Orton-Gillingham Approach

The Orton-Gillingham Approach was created by Dr. Samuel Torrey Orton, Anna Gillingham and Bessie Stillman in the 1930’s to remediate the difficulties associated with dyslexia.

Orthon-Gillingham Academy

The Orton-Gillingham Approach teaches the structure of the English language to students of all ages, so that they can learn the code and how to read. What was once a seemingly arbitrary and confusing system becomes predictable and clear. The student is empowered by the knowledge gained. Through multisensory practice and systematic teaching our dyslexic learners unlock the power of print.

The Orton-Gillingham Approach uses a structured lesson plan involving all three senses: visual, auditory and kinesthetic/tactile.

The curriculum proceeds from the simple to the complex and from the predictable to the unpredictable.

Phonemic awareness, phonics, morphology, grammar, vocabulary and reading comprehension are all taught using a systematic, cumulative and sequential approach. Orton-Gillingham teachers design lesson plans based on careful observation and error analysis. Thus, instruction addresses specific difficulties and deficits unique to the students in the class as opposed to delivering a scripted “one size fits all” programme.

For further information about the Academy of Orton-Gillingham Practitioners and Educators visit www.ortonacademy.org

Orton-Gillingham: Practical Linguistics Therapy

Orton-Gillingham: Practical Linguistics Therapy is a methodology that teaches students to explore and think about the language they use. The student comes to understand that the language they need to read and write can be conquered. By revealing the underlying logical and linguistic patterns of English, the student learns to decipher the code. This therapeutic approach is suitable for all students of English: kindergarten, grade 1, ESL, ELL, and those with language-learning challenges.

A large variety of teaching methods are employed. Multisensory methods create neural networks linking three modalities: visual, auditory and kinesthetic. Direct instruction delivers knowledge of spelling rules, the alphabet principle, morphology and phonics. Guided Discovery helps engage and motivate, and students learn to “own” the information and personalize their understanding.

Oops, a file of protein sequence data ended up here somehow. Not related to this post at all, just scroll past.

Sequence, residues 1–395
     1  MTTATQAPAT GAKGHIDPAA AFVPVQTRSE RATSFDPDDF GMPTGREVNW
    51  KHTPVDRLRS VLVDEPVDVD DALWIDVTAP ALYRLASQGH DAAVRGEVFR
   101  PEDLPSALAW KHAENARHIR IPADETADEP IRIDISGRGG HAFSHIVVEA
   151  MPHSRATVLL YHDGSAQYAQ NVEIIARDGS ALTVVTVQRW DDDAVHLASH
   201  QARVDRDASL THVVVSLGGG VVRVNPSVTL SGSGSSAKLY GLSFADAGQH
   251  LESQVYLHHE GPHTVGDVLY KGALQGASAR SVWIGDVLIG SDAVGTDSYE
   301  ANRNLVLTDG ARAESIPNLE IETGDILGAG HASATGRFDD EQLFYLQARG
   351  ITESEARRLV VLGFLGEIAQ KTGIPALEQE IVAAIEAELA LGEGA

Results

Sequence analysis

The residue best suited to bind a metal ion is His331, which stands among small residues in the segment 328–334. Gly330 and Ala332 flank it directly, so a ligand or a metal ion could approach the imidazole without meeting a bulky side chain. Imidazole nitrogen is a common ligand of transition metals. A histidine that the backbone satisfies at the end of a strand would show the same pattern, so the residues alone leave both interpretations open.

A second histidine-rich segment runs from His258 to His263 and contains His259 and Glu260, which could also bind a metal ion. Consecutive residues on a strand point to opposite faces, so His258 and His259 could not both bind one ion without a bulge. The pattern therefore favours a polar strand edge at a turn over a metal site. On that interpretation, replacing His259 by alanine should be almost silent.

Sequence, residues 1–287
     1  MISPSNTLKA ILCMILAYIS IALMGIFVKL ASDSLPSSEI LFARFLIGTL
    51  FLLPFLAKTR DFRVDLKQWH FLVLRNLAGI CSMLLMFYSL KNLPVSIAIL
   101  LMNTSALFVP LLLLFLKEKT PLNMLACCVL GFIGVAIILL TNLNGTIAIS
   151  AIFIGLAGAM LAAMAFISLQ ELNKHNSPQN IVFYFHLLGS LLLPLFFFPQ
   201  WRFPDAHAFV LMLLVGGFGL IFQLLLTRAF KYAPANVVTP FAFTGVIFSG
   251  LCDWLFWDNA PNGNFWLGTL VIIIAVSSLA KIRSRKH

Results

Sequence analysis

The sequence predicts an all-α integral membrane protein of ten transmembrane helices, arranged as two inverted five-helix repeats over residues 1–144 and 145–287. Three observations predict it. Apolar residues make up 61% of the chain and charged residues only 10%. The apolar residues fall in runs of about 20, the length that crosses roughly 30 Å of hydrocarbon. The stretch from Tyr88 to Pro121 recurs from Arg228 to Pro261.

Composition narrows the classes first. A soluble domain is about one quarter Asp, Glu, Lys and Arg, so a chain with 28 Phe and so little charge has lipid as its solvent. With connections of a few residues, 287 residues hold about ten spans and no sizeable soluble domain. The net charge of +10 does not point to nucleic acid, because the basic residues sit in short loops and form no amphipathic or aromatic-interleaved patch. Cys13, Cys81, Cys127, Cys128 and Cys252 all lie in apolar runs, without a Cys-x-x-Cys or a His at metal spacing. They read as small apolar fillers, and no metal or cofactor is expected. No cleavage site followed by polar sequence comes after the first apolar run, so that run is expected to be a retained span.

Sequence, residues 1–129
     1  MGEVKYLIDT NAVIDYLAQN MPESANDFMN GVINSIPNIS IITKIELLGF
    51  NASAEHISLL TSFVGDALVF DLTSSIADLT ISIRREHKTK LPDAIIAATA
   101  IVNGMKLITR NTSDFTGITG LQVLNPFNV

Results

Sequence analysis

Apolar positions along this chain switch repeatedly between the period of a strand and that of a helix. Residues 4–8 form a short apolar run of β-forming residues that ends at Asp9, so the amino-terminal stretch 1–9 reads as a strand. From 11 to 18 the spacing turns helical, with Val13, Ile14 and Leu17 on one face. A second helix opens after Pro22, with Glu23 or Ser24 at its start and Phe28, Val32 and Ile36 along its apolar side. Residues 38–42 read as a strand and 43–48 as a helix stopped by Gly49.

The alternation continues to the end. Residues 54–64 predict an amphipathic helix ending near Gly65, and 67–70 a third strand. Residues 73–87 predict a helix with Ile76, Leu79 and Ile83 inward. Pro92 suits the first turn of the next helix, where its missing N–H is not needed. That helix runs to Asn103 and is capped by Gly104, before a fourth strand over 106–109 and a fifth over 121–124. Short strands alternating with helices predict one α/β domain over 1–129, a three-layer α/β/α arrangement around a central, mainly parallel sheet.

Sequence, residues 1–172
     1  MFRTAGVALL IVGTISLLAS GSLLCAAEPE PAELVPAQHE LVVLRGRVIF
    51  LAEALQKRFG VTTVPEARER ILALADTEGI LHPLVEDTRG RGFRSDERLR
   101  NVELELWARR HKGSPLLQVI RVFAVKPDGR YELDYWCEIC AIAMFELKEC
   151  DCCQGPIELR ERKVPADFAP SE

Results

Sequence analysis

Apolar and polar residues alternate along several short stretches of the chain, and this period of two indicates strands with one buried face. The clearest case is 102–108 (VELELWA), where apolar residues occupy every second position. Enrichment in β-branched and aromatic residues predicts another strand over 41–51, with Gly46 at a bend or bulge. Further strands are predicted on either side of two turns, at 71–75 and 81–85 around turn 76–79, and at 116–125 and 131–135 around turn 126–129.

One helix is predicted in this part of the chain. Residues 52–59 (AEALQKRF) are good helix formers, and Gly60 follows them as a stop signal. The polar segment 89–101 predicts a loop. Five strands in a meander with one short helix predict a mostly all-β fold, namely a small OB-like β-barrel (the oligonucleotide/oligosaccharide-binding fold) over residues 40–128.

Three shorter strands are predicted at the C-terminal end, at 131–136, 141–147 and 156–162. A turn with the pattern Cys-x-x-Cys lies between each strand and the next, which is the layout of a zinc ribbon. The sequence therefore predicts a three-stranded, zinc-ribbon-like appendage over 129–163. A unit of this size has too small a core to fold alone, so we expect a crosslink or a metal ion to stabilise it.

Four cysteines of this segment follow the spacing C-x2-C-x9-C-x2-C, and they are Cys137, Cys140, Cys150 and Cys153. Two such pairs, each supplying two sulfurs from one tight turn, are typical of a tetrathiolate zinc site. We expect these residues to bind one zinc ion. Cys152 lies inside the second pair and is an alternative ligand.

The curriculum is:

  • Logical
  • Cumulative
  • Sequential
  • Therapeutic
  • Differentiated

O.G. Practical Linguistics Therapy provides a comprehensive understanding of the structure of the English language. The curriculum covers English orthography, phonology, spelling rules, sentence structure, syntax, vocabulary acquisition, passage comprehension, reading and writing fluency. The methodology addresses cognitive processes, including, auditory and visual discrimination, memory, and processing. Lesson plans are structured to incorporate occupational and eye tracking therapy where needed. This therapeutic linguistic approach may be applied in a classroom, small group or one-on-one setting.

O.G. Practical Linguistics is a comprehensive therapeutic model unsurpassed in the breadth and depth of its remedial reach.

Neil is a different boy from a year ago, not only because his reading is starting to come along, but because he is enjoying school and, once again, believes he can learn and succeed. Honestly, the Claremont School has been a god-send for Neil.

— Gail Armstrong, Toronto, ON

Our mission is to teach students with dyslexia, so that they may fulfill their considerable potential and gain the skills and self-confidence needed for academic success.

— Evelyn Reiss

A warm and exceptional teacher, Evelyn provided a wonderful overview of the Orton-Gillingham approach in her Associate Level course. I consider it a privilege to have been her student.

— Avital (Tali) Kellerstein, Speech-Language Pathologist, Toronto, ON

Claremont has given my child the best possible learning environment. His learning is tailored to his strengths and he feels positive about himself and his capabilities. The learning at Claremont is structured but also flexible, allowing for my child to succeed.

— Sarah Knox

My grade 4 daughter is finally being taught in a way that she can learn. The school has been a gift for us all. The daily routines, the structured approach to reading and writing learning, and the positive environment with other kids like her have all been wonderfully helpful. It is a world of difference for us this year from her prior public school that just (tragically) did not have the adequate supports for her kind of learning.

— Sarah Richardson